Considering the frequency of prescribing highly addictive opioid pain medications to the large number of individuals presenting to pain clinics, and the subsequent induction of iatrogenic legal addiction to, for example OxyContin®, we must find better solutions. Indeed, initial genetic screening should help identify potential at-risk individuals, providing possible alternatives to treatment (Volkow, Frieden, Hyde, & Cha, 2014).

 

We are now poised to propose a Reward Deficiency System Solution™ that promotes early identification and stratification of risk alleles by utilizing GARSDx, allowing for customized nutrigenomic targeting of these risk alleles by altering NAAT ingredients as an algorithmic function of carrying these polymorphic DNA–SNPS as well as brain electrotherapy, potentially yielding the first ever nutrigenomic solution for addiction and pain (Blum, Oscar-Berman, Demetrovics, Barh, & Gold, 2014). While we are not in the promised land of personalized medicine and addiction treatment yet, I am convinced that through sophisticated research we will indeed get there.

 

References

Blum, K., & Badgaiyan, R. D. (2015). Reward Deficiency Syndrome (RDS): Entering the genomic and neuroscience era of addiction. Journal of Reward Deficiency Syndrome, 1(1), 1-2.

 

Blum, K., Chen, A. L., Chen, T. J., Rhoades, P., Prihoda, T. J., Downs, B. W., … Palomo, T. (2008a). LG839: Anti-obesity effects and polymorphic gene correlates of reward deficiency syndrome. Advances in Therapy, 25, 894–913.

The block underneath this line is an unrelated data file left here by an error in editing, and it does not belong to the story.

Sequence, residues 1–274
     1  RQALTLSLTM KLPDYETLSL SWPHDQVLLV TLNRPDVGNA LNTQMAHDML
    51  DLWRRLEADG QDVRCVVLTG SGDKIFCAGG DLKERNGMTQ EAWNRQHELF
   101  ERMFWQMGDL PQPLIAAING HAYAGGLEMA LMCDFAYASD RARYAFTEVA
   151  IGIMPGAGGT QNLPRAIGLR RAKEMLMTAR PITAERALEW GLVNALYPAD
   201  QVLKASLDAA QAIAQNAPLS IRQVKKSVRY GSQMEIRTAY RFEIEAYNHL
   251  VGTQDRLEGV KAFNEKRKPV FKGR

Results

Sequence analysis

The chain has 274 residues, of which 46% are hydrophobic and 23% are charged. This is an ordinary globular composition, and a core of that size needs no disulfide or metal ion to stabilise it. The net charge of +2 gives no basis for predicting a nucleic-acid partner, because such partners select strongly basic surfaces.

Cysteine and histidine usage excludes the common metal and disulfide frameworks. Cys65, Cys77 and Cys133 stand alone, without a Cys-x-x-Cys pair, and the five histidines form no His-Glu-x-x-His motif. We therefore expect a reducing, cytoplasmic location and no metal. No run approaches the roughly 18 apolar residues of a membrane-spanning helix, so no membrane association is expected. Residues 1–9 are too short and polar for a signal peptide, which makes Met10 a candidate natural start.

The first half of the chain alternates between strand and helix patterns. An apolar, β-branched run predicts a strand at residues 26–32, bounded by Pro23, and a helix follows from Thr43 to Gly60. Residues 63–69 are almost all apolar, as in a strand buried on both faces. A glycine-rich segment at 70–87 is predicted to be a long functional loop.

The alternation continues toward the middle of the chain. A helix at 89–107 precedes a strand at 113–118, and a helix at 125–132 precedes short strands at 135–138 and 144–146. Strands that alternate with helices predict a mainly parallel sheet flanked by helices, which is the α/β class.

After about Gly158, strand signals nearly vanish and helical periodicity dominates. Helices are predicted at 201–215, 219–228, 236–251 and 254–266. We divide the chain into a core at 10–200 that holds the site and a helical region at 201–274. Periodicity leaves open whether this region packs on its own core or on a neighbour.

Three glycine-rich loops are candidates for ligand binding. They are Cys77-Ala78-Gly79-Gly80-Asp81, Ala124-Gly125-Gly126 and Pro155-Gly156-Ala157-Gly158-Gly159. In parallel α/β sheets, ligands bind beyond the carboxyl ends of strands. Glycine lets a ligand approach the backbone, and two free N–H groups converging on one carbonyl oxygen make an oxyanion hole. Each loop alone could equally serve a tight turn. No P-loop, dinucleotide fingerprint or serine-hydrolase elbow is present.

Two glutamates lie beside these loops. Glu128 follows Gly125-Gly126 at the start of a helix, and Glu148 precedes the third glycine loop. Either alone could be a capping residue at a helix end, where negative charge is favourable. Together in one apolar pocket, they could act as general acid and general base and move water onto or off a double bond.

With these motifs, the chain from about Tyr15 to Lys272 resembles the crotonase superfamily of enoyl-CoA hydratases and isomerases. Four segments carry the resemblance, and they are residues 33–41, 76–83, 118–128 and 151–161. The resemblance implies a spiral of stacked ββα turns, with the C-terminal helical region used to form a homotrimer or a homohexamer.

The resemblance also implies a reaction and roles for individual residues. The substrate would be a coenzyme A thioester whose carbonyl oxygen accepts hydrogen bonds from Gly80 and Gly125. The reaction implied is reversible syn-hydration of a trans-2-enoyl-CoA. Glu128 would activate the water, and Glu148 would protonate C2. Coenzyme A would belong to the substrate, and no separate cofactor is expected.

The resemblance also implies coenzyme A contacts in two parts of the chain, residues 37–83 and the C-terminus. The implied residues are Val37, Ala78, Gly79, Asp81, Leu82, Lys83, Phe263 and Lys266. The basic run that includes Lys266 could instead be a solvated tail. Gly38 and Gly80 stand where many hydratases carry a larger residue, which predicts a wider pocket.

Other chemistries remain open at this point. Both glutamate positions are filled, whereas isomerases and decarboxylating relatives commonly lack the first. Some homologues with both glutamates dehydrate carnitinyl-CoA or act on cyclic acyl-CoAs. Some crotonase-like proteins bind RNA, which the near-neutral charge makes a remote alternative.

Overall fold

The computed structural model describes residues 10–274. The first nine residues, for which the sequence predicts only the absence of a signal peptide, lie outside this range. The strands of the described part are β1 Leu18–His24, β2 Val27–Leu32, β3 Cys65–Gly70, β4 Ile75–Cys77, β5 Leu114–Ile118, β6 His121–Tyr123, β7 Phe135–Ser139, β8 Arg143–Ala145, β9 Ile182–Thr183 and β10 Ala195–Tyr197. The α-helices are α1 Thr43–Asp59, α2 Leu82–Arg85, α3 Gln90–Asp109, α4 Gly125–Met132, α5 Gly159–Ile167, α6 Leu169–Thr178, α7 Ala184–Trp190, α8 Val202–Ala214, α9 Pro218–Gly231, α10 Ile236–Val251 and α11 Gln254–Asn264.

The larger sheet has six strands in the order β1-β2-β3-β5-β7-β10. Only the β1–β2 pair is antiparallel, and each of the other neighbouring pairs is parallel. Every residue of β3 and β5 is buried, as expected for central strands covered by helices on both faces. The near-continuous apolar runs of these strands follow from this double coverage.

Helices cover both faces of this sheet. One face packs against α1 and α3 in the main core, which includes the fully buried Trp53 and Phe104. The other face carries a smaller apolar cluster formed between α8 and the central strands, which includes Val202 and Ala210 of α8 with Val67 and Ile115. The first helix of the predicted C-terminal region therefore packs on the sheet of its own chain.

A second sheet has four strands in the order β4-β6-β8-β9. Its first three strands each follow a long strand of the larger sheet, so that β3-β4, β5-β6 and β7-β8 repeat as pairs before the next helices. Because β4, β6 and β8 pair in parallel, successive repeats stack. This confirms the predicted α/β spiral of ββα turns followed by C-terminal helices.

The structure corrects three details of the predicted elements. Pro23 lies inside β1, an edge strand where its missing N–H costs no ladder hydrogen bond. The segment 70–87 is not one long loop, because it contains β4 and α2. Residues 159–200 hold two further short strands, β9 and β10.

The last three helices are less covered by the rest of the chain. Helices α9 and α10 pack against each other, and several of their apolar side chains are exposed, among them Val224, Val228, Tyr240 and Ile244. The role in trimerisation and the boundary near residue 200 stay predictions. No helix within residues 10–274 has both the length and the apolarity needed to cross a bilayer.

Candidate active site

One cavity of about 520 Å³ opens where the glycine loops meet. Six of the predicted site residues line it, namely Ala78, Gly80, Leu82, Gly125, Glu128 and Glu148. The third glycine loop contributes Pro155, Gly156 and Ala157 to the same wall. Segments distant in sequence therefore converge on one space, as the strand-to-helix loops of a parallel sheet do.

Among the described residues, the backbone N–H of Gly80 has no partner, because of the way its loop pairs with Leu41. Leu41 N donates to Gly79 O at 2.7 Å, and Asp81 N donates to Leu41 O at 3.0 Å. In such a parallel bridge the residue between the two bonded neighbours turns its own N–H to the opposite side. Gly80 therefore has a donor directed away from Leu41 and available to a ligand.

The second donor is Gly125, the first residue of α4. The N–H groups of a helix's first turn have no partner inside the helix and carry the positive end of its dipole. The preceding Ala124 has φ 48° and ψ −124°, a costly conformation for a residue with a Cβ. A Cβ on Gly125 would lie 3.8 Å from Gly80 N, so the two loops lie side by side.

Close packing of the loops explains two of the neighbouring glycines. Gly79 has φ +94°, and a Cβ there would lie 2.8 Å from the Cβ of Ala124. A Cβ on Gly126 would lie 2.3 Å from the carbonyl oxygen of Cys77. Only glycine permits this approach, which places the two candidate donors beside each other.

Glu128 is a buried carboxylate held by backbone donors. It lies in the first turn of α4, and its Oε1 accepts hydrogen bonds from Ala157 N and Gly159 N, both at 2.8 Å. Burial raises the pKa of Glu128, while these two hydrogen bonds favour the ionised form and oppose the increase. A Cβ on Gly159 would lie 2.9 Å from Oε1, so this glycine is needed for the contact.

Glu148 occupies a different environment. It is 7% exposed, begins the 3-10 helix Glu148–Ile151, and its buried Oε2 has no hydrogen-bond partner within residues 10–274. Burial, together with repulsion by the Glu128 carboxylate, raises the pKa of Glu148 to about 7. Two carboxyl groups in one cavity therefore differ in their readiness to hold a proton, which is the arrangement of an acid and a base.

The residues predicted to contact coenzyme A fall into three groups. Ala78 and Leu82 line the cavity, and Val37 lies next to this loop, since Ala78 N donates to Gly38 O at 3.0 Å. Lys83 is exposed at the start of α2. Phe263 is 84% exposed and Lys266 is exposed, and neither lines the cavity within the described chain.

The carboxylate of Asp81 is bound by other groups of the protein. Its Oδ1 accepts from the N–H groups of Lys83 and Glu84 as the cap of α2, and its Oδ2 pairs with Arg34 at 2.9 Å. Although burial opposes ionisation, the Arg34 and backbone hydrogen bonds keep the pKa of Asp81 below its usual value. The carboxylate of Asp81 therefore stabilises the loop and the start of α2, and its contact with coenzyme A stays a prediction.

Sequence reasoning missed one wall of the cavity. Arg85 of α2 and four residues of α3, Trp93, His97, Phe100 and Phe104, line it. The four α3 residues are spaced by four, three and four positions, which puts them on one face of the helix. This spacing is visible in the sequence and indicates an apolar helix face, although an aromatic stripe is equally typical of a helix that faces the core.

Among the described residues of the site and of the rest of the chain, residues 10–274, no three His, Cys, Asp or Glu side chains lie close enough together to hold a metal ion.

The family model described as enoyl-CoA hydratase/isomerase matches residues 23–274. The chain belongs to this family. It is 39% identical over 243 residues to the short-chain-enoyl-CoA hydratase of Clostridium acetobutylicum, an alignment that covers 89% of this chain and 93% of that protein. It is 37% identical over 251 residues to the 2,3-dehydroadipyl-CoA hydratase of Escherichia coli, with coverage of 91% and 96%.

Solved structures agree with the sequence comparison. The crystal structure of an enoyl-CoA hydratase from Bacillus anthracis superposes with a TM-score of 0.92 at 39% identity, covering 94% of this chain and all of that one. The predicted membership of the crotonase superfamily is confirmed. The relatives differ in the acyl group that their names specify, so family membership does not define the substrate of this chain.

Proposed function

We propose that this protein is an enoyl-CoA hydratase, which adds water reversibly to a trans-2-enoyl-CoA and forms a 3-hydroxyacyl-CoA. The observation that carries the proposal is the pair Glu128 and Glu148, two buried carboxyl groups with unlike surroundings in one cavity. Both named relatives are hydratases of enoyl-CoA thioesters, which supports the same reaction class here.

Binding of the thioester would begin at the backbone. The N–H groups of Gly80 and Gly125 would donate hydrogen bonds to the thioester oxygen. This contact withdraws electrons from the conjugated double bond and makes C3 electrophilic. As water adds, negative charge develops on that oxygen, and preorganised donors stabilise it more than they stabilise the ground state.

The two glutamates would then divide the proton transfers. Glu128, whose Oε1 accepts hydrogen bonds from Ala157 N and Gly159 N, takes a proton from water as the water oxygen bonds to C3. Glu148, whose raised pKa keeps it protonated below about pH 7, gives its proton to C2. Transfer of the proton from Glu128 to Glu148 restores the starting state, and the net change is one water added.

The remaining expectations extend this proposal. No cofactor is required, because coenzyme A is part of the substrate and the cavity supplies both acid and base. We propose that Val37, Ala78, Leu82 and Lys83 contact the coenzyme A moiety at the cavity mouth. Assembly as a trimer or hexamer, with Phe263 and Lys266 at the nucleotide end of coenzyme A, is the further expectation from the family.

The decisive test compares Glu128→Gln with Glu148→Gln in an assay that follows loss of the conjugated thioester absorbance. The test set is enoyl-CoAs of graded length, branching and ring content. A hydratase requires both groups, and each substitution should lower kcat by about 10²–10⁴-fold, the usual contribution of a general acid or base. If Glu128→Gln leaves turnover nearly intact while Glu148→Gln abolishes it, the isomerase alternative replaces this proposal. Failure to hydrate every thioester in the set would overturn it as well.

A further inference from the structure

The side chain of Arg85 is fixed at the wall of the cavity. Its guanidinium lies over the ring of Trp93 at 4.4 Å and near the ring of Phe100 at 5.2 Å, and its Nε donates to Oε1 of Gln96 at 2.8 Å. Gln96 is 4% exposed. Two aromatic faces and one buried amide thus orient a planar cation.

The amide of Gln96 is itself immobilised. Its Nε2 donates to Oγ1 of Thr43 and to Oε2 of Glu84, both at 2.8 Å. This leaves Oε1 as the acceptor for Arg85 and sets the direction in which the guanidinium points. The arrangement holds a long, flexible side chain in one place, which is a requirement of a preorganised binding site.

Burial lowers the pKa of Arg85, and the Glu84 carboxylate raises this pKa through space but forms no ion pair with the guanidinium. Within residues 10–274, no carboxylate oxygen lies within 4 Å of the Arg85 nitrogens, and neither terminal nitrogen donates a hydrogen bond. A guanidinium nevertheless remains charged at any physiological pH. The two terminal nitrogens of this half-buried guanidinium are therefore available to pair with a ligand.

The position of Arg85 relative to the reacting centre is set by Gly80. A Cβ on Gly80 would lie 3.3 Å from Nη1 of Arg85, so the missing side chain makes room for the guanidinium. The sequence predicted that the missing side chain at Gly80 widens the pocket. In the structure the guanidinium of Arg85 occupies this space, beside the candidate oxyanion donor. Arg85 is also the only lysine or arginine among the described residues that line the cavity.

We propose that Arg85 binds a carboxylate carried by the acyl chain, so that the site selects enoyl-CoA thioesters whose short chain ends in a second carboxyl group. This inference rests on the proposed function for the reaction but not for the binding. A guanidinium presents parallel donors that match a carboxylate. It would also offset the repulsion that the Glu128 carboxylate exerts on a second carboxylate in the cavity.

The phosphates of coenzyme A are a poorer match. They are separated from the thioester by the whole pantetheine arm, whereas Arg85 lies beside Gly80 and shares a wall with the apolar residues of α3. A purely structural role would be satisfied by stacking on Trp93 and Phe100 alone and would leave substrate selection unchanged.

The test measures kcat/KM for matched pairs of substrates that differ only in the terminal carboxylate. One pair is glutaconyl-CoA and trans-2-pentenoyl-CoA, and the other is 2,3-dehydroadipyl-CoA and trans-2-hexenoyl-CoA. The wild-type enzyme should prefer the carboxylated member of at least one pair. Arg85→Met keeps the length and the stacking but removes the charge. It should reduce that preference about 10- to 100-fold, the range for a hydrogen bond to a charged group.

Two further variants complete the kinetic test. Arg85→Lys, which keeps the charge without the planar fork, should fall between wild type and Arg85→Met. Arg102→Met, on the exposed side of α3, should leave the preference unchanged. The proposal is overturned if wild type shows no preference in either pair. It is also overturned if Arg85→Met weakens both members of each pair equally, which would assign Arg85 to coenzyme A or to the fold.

Blum, K., Chen, T. J., Chen, A. L., Rhoades, P., Prihoda, T. J., Downs, B.W., … Reinking, J. (2008b). Dopamine D2 Receptor Taq A1 allele predicts treatment compliance of LG839 in a subset analysis of a pilot study in The Netherlands. Gene Therapy and Molecular Biology,

12, 129–140.

 

Blum, K., Chen, T. J. H., Williams, L., Chen, A. L. C., Downs, B. W., Waite, R. L., … Braverman, E. R. (2008c). A short-term pilot open label study to evaluate efficacy and safety of LG839, a customized DNA directed nutraceutical in obesity: Exploring nutrigenomics. Gene Therapy and Molecular Biology, 112, 371-382.

 

Blum, K., & Kozlowski, G. P. (1990). Ethanol and neuromodulator interactions: A cascade model of reward. In H. Ollat, S. Parvez, & H. Parvez (Eds.), Alcohol and Behavior (pp. 131-149). Utrecht, The Netherlands: VSP Press.

 

Blum, K., Liu, Y., Wang, W., Wang, Y., Zhang, Y., Oscar-Berman, M., … Gold, M. S. (2015). rsfMRI effects of KB220Z™ on neural pathways in reward circuitry of abstinent genotyped heroin addicts. Postgraduate Medicine, 127(2), 232-241.

 

Blum, K., Noble, E. P., Sheridan, P. J., Montgomery, A., Ritchie, T., Jagadeeswaran, P., … Cohn, J. B. (1990). Allelic association of human dopamine D2 receptor gene in alcoholism. JAMA, 263(15), 2055-2060.

 

Blum, K., Oscar-Berman, M., Demetrovics, Z., Barh, D., Gold, M. S. (2014). Genetic Addiction Risk Score (GARS): Molecular neurogenetic evidence for predisposition to Reward Deficiency Syndrome (RDS). Molecular Neurobiology, 50(3), 765-796.

 

Blum, K., Oscar-Berman, M., Dinubile, N., Giordano, J., Braverman, E. R., Truesdell, C. E., … Badgaiyan, R. (2013). Coupling Genetic Addiction Risk Score (GARS) with electrotherapy: Fighting iatrogenic opioid dependence. Journal of Addiction Research & Therapy, 4(163), 1000163.

 

Blum, K., Sheridan, P. J., Wood, R. C., Braverman, E. R., Chen, T. J., Cull, J. G., & Comings, D. E. (1996). The D2 dopamine receptor gene as a determinant of reward deficiency syndrome. Journal of the Royal Society of Medicine, 89(7), 396-400.

 

Frank, S. H., & Jaén C. R. (1993). Office evaluation and treatment of the dependent smoker. Primary Care, 20(1), 251-268.

 

Volkow, N. D., Frieden, T. R., Hyde, P. S., & Cha, S. S. (2014). Medication-assisted therapies—tackling the opioid-overdose epidemic. New England Journal of Medicine, 370(22), 2063-2066.